Kierkegaard's Socratic Task

Dissertation, University of Pittsburgh (2006)
Download Edit this record How to cite View on PhilPapers
Abstract
The Danish philosopher Søren Kierkegaard (1813-1855) conceived of himself as the Socrates of nineteenth century Copenhagen. Having devoted the bulk of his first major work, *The Concept of Irony with Continual Reference to Socrates*, to the problem of the historical Socrates, Kierkegaard maintained at the end of his life that it is to Socrates that we must turn if we are to understand his own philosophical undertaking: "The only analogy I have before me is Socrates; my task is a Socratic task." The overall aim of my dissertation is to examine and critically assess this claim, and ultimately to argue that the Socratic nature of Kierkegaard's endeavor finds its fullest expression in the activity and writings of one of his best-known literary creations, Johannes Climacus, the pseudonymous author of *Philosophical Fragments* and *Concluding Unscientific Postscript*. The first part of my dissertation addresses Kierkegaard's own status as a Socratic figure. I examine Kierkegaard's claim that his refusal to call himself a Christian--in a context where it was the social norm to do so--is methodologically analogous to Socrates' stance of ignorance. I also consider how the use of a pseudonymous manner of writing allows Kierkegaard to employ a Socratic method. In the second part of my dissertation I focus on Kierkegaard's pseudonym Johannes Climacus and his claim that his contemporaries suffer from a peculiar kind of ethical and religious forgetfulness. I argue that Climacus adopts two Socratic stances in order to address this condition. In *Philosophical Fragments* he adopts the stance of someone who has intentionally "forgotten" the phenomenon of Christianity, whereas in the *Postscript* he adopts the stance of someone who openly declares that he is not a Christian. In the process, he develops a conception of philosophy that places a premium on self-restraint and an individual's ability to employ the first personal "I." As Climacus emerges as Kierkegaard's Socratic pseudonym par excellence, we obtain two significant results: a deeper understanding of Kierkegaard's conception of Socrates and Socratic method, and a compelling conception of philosophy rooted in Greek antiquity.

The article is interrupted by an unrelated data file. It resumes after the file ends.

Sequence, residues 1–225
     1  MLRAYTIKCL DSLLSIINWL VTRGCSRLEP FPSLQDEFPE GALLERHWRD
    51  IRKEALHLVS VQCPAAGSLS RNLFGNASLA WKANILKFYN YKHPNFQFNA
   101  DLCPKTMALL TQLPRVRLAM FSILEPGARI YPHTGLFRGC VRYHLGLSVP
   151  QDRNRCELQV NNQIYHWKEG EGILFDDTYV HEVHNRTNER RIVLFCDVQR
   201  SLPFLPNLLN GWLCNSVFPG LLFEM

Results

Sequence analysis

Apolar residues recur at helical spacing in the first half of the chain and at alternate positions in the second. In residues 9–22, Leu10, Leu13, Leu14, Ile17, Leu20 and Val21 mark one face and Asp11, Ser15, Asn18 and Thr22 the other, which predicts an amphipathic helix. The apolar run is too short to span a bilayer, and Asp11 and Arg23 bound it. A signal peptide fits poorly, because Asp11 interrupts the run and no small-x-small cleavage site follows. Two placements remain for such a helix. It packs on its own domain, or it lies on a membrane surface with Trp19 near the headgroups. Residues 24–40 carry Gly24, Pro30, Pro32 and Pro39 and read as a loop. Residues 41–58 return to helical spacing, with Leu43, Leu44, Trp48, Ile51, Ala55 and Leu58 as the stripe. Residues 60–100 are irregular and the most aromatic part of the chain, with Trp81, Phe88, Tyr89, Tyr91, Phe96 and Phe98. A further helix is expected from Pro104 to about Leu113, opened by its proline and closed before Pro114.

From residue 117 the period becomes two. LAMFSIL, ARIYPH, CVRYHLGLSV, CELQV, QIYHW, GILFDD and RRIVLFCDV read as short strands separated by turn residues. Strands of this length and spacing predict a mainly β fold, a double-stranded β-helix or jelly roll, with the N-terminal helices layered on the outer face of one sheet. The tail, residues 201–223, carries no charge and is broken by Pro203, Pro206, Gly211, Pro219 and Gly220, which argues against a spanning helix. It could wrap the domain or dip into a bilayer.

PhilPapers/Archive ID
MUEKST
Revision history
Archival date: 2015-11-21
View upload history
References found in this work BETA

No references found.

Add more references

Citations of this work BETA

No citations found.

Add more citations

Added to PP index
2013-02-06

Total views
186 ( #15,335 of 39,516 )

Recent downloads (6 months)
22 ( #20,729 of 39,516 )

How can I increase my downloads?

Downloads since first upload
This graph includes both downloads from PhilArchive and clicks to external links.